Re the excellent 'Ultraviolet' it was limited in scope for the same reason that there was no second series of 'Firefly' i.e. it was not picked up and given further funding. I believe that witer Joe Aherne was not encouraged by the producer/channel response to the use of controversial themes e.g. paedophilia, implied racism/terrorism, Catholicism, medical experimentation and other such juicy material. The scope of the series was to be a grim, realistic depiction of a human vs vampire war where the judgements of good and evil were not always clear - not ideal fodder for an ongoing TV series :sneaky:

 

The US version of 'Ultraviolet' was limited to a pilot episode which was allegedly so awful that it couldn't be broadcast.

 

I'm fairly certain that US remakes of 'Red Dwarf' and 'Ultraviolet' would share the same problems as other remakes - loss of integrity and uniqueness due to translation for the "predigested" market that seems to dominate US scheduling. Having said that, there are occasional good things that come out of the USA that give me hope e.g. 'Battlestar Galactica' has been a pleasant surprise.

 

Ultimately I'm a big fan of the cultural differences that come through in our media / entertainment rather than the trend towards homogeneous media. As the cheese-eating surrender monkeys say, "Vive le difference!" :smoke:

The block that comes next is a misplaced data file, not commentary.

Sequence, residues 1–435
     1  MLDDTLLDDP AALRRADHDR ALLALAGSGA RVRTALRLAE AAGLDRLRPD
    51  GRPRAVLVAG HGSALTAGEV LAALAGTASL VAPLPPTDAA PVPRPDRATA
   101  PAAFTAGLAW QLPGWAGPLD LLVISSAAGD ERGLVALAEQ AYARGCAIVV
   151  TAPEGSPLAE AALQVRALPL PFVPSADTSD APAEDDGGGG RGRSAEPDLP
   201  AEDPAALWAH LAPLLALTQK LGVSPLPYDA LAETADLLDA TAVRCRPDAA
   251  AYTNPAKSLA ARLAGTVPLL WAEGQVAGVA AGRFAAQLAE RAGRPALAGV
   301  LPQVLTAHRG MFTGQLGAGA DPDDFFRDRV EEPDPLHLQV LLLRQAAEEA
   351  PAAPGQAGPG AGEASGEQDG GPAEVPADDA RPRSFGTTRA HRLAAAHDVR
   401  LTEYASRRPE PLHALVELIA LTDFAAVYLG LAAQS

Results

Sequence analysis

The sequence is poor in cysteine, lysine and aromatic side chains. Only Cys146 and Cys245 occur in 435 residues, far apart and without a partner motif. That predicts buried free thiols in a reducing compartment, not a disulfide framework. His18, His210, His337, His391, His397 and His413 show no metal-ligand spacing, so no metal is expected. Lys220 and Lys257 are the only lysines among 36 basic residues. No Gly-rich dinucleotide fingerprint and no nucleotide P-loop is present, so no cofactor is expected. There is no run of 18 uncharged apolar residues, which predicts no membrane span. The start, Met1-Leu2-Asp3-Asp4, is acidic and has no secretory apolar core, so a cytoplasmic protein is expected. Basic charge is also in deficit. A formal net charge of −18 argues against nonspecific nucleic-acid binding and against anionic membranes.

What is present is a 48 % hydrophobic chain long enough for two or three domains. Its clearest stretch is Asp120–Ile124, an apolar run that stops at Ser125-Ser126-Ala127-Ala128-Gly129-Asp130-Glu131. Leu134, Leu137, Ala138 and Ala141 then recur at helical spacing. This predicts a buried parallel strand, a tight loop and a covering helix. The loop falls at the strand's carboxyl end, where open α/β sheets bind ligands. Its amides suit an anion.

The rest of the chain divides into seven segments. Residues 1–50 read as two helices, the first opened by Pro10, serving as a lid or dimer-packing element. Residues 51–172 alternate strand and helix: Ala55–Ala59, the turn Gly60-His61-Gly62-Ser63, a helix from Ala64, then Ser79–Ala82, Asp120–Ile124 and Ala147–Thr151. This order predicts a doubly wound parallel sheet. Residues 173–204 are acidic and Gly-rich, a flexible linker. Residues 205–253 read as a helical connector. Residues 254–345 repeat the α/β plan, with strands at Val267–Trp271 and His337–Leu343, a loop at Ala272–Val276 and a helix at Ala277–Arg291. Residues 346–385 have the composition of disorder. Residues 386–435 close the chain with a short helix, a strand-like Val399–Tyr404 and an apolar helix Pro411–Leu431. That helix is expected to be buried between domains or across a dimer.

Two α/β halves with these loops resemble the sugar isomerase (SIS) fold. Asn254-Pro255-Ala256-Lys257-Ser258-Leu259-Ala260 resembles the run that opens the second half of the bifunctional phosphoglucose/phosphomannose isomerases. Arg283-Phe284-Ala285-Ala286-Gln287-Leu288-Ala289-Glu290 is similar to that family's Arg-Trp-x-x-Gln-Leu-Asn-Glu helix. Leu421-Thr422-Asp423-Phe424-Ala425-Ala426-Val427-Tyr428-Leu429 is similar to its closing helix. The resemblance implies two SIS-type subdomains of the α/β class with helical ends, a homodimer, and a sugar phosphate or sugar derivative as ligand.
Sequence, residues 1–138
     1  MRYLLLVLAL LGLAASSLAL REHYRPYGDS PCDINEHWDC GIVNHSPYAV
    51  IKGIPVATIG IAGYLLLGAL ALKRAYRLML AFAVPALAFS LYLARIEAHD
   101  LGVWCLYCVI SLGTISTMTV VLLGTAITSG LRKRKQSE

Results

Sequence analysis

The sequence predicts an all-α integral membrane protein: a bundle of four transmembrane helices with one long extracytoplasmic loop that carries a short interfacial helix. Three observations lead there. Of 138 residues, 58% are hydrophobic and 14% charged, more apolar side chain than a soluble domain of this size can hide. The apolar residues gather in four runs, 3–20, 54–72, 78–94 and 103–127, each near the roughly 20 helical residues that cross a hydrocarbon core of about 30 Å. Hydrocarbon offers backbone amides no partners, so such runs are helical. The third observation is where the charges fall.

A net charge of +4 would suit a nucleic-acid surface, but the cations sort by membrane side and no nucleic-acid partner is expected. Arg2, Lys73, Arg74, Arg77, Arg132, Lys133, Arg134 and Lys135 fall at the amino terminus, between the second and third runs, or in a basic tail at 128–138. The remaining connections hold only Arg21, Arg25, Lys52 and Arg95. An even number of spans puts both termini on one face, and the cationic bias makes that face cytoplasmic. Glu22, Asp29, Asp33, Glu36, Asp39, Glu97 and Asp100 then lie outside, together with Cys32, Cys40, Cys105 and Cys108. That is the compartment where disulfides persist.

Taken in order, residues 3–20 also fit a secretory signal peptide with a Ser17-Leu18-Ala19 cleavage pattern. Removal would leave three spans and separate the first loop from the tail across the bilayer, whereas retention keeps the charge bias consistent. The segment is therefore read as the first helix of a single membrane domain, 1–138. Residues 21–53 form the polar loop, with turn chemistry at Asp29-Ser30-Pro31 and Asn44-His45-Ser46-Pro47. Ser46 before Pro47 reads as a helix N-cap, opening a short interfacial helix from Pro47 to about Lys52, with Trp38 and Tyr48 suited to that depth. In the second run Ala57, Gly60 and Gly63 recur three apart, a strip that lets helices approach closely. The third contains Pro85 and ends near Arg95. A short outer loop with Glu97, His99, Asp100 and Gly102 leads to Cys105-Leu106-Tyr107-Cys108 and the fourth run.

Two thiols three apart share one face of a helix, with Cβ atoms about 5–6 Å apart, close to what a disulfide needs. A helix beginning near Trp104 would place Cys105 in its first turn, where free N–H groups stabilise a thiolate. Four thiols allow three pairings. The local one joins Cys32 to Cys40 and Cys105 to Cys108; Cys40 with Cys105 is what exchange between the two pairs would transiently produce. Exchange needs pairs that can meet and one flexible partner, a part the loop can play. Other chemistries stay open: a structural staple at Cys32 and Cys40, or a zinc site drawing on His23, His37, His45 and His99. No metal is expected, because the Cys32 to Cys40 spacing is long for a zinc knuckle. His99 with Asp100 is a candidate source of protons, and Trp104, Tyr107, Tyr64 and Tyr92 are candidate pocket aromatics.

BTW the definition of the topic should probably include 'Lost', Delta Green, Conspiracy X, Kult, 'Supernatural' and similar. Laurel K Hamilton material is merely porn for sad Goths; Nancy Collins' work is far preferrable.

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Re: What do you consider “Modern Paranormal”?

 

In general any US version of a British show should NEVER (and let me repeat that NEVER) be made.

I disagree, because while the original premise may be quite successful, it might not be something that can be as successful as it could be over here without being reshaped to fit our cultural norms.

 

All in the Family would never have been made following your line of thinking.

 

TB

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Re: What do you consider “Modern Paranormal”?

 

I remember that, around ten or so years ago, there was a second-hand book store with copies of the first four (or maybe five) Anita Blake books. These copies had been nearly read to death, and would only be "sold" to long-time customers who would be sure to return them. The ideas that the bookseller told me from the book (legalized vampires, lycanthropy victims as a socially persecuted group, the Church of Eternal Life, etc.) were very fascinating, and it really saddened me that the series went downhill like it has. Although, technically, it hasn't gone downhill so much as changed core audiences, but since I was part of the old core, I feel somewhat betrayed.